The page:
A pessimist is one who makes difficulties of his opportunities and an optimist is one who makes opportunities of his difficulties. — Harry Truman
We always knew that junior year would be tough, and there were always some pessimists, but lately it seems as if everyone has been jumping on the negativity train. Nowadays at school, there is rarely a moment when one characterizes a class, a teacher, or even learning itself as positive.
This tone of annoyance is not only currently fostering an environment of exponentially growing negativity, but is also beginning to adversely affect peer relationships. Formerly cohesive bonds are beginning to deteriorate and arguments are becoming ever present.
Divides are forming between those with different political preferences, between the intrinsically and extrinsically motivated, and even between the outspoken and soft-spoken. What is interesting is that this all seems to have a direct correlation with stress levels.
"The only competition worthy of a wise man is with himself." — Washington Allston
School is getting harder as the year progresses, and students, in order to cope with the increased workload, are getting competitive. This is problematic because some are starting to act superior to others. These people begin to take certain jokes too far, and even start to condescend others rather than support them.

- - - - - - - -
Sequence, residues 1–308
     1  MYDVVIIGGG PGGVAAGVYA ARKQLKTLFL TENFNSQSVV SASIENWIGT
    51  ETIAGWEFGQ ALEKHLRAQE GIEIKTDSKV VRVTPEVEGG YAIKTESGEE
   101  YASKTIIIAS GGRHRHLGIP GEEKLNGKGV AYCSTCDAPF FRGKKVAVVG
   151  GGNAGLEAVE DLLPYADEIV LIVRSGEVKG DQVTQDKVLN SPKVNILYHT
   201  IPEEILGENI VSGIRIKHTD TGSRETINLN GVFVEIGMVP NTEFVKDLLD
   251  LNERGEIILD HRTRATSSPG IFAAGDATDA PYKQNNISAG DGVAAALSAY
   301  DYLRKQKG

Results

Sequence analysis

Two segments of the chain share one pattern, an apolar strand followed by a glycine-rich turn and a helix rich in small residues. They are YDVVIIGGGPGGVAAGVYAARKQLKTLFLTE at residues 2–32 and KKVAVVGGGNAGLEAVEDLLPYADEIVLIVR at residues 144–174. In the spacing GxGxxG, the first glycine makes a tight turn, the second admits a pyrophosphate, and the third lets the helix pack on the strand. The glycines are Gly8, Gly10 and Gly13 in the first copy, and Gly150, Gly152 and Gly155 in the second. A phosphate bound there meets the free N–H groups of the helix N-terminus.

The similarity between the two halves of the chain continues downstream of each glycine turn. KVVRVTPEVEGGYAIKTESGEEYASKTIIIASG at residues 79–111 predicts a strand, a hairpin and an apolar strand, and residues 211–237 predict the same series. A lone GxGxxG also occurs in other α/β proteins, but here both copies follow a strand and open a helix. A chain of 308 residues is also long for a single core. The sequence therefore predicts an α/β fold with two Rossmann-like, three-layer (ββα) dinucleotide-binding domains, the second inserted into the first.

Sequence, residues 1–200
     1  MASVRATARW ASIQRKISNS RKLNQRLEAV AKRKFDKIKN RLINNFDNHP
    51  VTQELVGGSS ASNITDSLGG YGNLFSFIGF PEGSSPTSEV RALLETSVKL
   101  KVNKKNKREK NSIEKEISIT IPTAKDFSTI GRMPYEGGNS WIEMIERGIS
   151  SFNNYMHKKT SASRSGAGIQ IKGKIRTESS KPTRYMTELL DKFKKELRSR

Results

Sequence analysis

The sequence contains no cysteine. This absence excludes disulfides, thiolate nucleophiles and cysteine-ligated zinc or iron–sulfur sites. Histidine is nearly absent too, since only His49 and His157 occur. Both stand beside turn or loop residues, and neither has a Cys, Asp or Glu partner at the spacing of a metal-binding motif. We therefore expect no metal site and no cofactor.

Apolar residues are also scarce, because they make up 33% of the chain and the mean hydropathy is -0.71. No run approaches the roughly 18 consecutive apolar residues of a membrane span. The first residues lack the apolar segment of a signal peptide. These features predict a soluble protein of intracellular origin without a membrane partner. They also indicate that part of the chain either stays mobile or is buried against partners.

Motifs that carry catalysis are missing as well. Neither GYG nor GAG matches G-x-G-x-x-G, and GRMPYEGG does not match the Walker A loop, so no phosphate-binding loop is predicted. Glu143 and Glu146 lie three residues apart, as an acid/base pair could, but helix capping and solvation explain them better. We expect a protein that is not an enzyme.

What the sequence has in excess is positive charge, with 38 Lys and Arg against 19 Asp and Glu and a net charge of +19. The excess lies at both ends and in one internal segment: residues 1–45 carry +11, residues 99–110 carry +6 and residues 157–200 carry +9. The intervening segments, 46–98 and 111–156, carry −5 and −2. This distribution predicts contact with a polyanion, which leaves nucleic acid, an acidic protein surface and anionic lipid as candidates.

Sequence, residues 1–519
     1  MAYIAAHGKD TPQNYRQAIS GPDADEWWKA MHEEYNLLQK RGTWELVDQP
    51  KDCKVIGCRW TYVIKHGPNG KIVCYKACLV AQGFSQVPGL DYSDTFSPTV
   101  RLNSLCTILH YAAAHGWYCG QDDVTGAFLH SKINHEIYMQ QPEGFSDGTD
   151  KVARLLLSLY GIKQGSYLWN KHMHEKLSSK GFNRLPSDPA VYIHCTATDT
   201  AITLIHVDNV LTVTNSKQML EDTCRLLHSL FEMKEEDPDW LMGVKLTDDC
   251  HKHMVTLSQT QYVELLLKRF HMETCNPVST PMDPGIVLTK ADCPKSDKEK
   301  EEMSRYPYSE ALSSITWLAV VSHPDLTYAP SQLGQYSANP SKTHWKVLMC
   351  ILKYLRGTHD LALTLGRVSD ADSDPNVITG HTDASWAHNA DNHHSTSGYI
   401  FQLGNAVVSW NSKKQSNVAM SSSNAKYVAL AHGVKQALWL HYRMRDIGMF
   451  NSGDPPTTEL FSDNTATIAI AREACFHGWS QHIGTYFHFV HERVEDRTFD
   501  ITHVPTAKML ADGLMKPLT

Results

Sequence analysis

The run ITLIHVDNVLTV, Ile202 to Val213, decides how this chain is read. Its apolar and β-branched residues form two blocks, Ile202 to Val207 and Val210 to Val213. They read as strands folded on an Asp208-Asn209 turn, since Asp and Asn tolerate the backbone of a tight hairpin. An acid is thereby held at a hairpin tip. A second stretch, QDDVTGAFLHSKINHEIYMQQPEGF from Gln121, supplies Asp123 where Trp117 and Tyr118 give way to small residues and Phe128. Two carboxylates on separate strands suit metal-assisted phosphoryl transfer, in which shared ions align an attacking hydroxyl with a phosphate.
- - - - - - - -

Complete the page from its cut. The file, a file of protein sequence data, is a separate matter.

I was doing some research and discovered a study that might support my theory that there is a correlation between competition and workload. It found, after surveying a group of students, that they believed that competition was beneficial to their success in school. The students also commented that they were motivated by their grade point average, compared it with others, and were surprisingly not motivated by the prospect of mastering new skills.
If students don't care for the right reasons they will be pessimists, they will be haughty, they will compete. I myself am occasionally guilty of getting caught up in the game of school and not caring for the right reasons, yet, not allowing oneself to cede to social convention remains the best advice that I can give.
A positive attitude causes a chain reaction of positive thoughts, events and outcomes. It is a catalyst and it sparks extraordinary results. — Wade Boggs